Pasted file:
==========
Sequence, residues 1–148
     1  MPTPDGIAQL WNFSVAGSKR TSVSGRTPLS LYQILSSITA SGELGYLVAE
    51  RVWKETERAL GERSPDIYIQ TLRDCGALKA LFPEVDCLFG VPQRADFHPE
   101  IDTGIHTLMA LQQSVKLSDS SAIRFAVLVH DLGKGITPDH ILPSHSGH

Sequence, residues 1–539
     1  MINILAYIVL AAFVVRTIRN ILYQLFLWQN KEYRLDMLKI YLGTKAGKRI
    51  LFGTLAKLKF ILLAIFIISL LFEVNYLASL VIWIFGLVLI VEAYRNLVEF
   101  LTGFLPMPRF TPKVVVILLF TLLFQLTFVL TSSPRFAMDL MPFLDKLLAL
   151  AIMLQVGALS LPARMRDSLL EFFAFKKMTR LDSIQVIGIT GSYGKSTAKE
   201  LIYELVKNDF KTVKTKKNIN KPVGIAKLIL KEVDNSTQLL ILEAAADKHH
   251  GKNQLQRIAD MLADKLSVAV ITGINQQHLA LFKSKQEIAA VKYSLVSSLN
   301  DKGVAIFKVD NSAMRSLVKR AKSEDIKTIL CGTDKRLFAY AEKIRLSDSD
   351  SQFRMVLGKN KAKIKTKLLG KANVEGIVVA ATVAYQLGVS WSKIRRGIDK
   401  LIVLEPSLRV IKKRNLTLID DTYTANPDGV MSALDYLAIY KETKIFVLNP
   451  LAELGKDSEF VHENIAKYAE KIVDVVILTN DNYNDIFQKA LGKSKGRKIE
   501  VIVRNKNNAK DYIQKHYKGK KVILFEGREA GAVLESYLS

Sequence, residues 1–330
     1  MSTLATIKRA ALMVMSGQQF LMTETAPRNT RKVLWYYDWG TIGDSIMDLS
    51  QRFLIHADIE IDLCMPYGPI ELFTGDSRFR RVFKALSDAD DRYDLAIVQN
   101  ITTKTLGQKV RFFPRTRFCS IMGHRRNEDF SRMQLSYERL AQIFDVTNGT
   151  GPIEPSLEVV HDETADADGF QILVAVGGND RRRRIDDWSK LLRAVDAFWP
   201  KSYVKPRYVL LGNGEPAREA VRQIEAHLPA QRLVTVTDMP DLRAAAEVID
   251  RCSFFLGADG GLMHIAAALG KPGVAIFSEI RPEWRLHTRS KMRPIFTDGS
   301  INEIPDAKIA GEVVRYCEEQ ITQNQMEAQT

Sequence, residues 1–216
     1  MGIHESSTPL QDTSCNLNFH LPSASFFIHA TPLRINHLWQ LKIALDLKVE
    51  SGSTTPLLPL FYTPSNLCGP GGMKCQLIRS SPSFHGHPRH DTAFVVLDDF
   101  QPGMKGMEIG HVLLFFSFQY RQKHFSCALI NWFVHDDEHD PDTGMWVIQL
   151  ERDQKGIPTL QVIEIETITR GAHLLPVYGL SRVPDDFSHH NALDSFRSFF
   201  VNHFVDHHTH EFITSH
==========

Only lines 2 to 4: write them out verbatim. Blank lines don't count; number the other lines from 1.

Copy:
     1  MPTPDGIAQL WNFSVAGSKR TSVSGRTPLS LYQILSSITA SGELGYLVAE
    51  RVWKETERAL GERSPDIYIQ TLRDCGALKA LFPEVDCLFG VPQRADFHPE
   101  IDTGIHTLMA LQQSVKLSDS SAIRFAVLVH DLGKGITPDH ILPSHSGH